Tag Archives: Kevin Kline

Meryl tackles Juliet, Betty returns to T.O., Maggie rallies her troupes, and Brenda shines up her Shoes

NO PEOPLE LIKE SHOW PEOPLE: Okay, so they’re not teenagers – they were all grown up way back when, when they co-starred in Sophie’s Choice – but Oscar winners Meryl Streep and Kevin Kline will play Shakespeare’s

STREEP: reading in New York

famous star-crossed lovers in a one-night-only reading of Romeo and Juliet, as part of a gala celebrating the 50th anniversary of Shakespeare in the Park. Public Theater vet Daniel Sullivan will direct the reading, to be held on June 18 at the Delacorte Theater in Central Park … Patrick Habron’s new exhibition of Rock ‘n’ Roll Icons opens May 10 at the New York Public Library for the Performing Arts at Lincoln Center … Phylicia Rashad, currently in Atlanta filming the TV adaptation of Steel Magnolias for director Kenny Leon, will return to that Georgia city this summer to star in Leon’s stage adaptation of Guess Who’s Coming To Dinner … American TV icon Larry

HAGMAN: guesting in Lucerne

Hagman (Dallas, I Dream Of Jeannie) and Top Gear host Jeremy Clarkson are among the sparklies set to light up the 51st Rose d’Or Festival in Lucerne next month … fillmmaker Roger Larry is just wrapping a feature doc on Canadian cannibis advocate Marc Emery (aka The Prince of Pot) entitled Citizen Mark. “I describe it as Citizen Kane meets Spinal Tap,” says Larry. Will we see it at TIFF in September? Just askin’ … former BBC CEO Paul Lee, who founded BBC America before becoming President of ABC, is set to deliver the CBC/Radio-Canada opening keynote speech at this year’s Banff World Media Festival on June 10 … and Brenda Hoffert launches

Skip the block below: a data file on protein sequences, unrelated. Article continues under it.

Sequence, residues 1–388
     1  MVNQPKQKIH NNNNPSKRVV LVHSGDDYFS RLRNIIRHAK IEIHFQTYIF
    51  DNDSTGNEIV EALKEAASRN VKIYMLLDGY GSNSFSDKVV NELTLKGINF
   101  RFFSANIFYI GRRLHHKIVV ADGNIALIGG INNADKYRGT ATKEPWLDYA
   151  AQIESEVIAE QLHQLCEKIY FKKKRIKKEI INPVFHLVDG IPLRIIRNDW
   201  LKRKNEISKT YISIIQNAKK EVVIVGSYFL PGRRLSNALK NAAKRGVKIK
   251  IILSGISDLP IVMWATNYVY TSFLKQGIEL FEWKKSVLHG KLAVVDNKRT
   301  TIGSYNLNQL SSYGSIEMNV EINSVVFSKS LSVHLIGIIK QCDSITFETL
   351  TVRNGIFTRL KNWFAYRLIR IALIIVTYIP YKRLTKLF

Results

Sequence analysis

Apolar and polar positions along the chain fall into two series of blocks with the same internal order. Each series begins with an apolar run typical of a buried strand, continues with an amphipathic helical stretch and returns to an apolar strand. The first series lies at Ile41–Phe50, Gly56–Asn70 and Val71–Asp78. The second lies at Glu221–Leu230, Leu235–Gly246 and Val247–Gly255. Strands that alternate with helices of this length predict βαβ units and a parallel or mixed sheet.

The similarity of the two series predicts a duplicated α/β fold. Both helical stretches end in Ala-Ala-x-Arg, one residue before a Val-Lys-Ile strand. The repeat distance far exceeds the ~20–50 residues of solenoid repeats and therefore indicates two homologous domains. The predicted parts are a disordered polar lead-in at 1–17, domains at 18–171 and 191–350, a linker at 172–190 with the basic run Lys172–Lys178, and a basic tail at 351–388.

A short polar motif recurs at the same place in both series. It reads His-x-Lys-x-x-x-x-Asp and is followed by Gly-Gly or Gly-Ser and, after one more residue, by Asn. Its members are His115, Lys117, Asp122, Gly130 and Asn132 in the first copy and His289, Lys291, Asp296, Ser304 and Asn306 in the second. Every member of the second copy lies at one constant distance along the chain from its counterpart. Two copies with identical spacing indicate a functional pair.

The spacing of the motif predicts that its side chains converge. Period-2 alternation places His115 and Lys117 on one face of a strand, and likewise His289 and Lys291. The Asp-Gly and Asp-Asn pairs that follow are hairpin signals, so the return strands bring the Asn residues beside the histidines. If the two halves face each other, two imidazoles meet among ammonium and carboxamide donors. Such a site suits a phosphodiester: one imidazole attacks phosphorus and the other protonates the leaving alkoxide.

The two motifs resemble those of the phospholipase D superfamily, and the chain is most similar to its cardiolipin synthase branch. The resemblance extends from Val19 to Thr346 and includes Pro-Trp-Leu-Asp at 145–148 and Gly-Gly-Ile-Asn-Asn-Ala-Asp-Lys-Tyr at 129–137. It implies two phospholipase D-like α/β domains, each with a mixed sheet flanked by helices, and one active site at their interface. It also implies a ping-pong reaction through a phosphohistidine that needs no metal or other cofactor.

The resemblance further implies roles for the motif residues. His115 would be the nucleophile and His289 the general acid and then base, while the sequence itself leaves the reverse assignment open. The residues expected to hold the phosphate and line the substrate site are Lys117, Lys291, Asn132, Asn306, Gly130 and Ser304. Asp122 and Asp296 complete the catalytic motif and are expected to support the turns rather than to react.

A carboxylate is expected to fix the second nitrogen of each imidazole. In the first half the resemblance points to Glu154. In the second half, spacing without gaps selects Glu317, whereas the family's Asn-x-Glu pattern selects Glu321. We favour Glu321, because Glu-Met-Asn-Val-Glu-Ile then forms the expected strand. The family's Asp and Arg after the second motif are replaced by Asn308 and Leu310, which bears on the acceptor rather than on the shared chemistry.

BUCKLEY: singing in T.O.

her new-and-improved exhibition, Shoes, on Thursday April 26 at the Cecile & Harry Pearl Gallery. She’s added eight new photos to this exhibit which first premiered at CONTACT 2010.

SHE’S FUNNY THAT WAY: On a bit of a bittersweet note, the celebrated Toronto comedy festival We’re Funny That Way is about to celebrate its 15th and final year.  According to the WFTW website, festival producer Maggie Cassella has decided to call it quits – but she’s closing the festival with a major slam-dunk. First up is a May 10 concert by the vocally astonishing Betty Buckley, a benefit